• Exit one guitarist - enter one female singer resulting in a new avant garde direction. While the first album had a quiet classical side this is far more experimental. One can hear an influence from minimalist composers creeping in."Three years passed before Pierrot Lunaire recorded and released the follow-up to their debut album. They returned as a totally refurbished act, with guitarist Caporaletti out and mezzo-soprano extraordinaire Jacqueline Darby in. "Gudrun" is an album that drifts apart from the realms of bucolic melodic prog with a slight dissonant twist; now, the repertoire is design to defy structure and convention, in order to create a sonic journey led by the volatile ruling hands of surprise, radical experimentation, and free form. The link between all tracks is marked by the clicking of a photographic camera, as if each number of the repertoire was some kind of scenario immortalized by the machine and turned into a permanent reminder. If Pierrot Lunaire's previous album was some a catalogue of reflections about the inner world, now Stalteri, Chiocchio and Darby turn their eyes and look at the world in its splendorous chaos and multicolored facets. The 11-minute long title track kicks off the album with a great deal of synth layers and sequenced ornaments, over which Darby's singing, piano lines, stormy guitar leads, and some other occasional stuff lays its print in a daring amalgam. If you can mentally picture a mixture of Klaus Schulze, drumless RIO and Brecht's operettas, then you may have an idea about what I'm trying to describe here (perhaps not too successfully). In sharp contrast, now comes a subtle piano nocturne titled 'Dietro il Silenzio', which sounds quite Satie-inspired to me: a really beautiful piece where the silent voids are as important as the actual piano sounds. The following number is a two part chanting displayed upon disturbing guitar and synth soundscapes: in the middle, a piano and conga drums revisit Darby's line with an air of simplicity that seems to portray some sort of high-spirited joy. 'Gallia' is a Darby-penned number, mostly a showcase for her well crafted dissonant operatic stuff, while her fellow men once again indulge themselves in a background of random dissonances on electric guitar and synthesizer. 'Giovane Madre' is the most symphonic (or should I say the least anti-symphonic) number. It basically consists of a recurring attractive motif on organ and synth, solidly founded on a 6/8 pattern laid by Chiocchio's bass and guest drummer Massimo Buzzi; somewhere in the middle, a gentle, joyful Renaissance-like motif enters abruptly, creating a weird tension that directly defies its own delicate beauty. Simultaneously, you can hear Darby whispering or laughing in some places. Many times I've found myself listening to this particular track three or four times in a row only to take pleasure in the challenging effect that the structure of this track causes in me as a listener. The weirdness never ends. 'Sonde in Profonditá' starts with the sound of an old radio speech, accompanied by a tenuous, evocative organ theme, with sitar, synth and acoustic guitar providing some additional colours until it all disappears under crashing waves. 'Morellia' begins with a Baroque-inspired piano solo, alternating with a Renaissance-like zither melodic line: then comes Darby, together with the piano, string synth, bass and drums (once again, guest Buzzi makes an appearance), delivering the most moving passage in the album. This same structure is reiterated, until a Cabaret-piano motif accompanies Darby's dramatic laughter. This piece is inscrutable, yet it manages to move the listener's heart in a way that they can't fully understand. Finally, 'Mein Armer Italiener' closes down the album with a successive combination of parody military march, psychedelic rock, pastoral stuff, slogan chanting - all comprised in an ambience of radical dadaist humour that may somehow remind us of Zappa's most theatrical pieces. An excellent but not recommendable prog recording due to its massively cryptic nature: anyway, "Gudrun" deserves to be regarded as a classic of the most experimental side of 70s progressive rock." - ProgArchives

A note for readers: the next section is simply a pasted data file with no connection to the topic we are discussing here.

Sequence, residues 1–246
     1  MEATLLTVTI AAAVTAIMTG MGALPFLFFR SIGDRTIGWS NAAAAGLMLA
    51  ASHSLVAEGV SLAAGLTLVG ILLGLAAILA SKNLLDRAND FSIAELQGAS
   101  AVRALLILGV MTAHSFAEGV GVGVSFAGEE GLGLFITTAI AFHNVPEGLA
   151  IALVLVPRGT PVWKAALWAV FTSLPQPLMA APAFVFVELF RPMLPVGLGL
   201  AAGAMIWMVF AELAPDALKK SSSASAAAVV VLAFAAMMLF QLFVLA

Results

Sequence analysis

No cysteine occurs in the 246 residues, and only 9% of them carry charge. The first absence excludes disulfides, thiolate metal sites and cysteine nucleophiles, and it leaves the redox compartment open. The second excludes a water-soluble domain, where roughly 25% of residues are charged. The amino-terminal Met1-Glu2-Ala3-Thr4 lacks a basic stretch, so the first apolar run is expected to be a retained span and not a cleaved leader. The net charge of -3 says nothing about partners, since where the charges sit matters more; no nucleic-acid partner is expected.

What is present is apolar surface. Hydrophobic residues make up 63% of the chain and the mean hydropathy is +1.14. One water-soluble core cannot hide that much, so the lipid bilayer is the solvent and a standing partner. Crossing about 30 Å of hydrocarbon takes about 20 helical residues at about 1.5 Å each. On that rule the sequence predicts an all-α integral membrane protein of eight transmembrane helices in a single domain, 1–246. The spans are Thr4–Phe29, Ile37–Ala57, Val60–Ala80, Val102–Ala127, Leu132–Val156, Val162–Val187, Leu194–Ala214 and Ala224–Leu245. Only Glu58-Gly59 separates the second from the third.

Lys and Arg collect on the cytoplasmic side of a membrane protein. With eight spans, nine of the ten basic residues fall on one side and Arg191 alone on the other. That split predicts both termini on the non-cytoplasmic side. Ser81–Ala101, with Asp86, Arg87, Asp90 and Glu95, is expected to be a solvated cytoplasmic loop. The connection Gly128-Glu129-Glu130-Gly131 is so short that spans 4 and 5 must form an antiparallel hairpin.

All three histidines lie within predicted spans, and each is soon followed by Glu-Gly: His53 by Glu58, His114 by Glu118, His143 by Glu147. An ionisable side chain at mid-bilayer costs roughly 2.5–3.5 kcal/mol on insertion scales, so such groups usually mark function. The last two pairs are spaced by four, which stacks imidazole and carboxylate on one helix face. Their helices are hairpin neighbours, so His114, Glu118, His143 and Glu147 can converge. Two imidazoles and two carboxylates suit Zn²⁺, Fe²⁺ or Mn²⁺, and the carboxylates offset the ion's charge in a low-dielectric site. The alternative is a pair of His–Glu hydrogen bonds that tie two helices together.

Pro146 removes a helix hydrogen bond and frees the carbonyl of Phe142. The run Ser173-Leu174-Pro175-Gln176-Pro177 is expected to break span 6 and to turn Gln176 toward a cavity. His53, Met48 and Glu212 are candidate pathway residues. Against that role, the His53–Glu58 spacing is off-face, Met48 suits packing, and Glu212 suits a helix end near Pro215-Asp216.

$15.00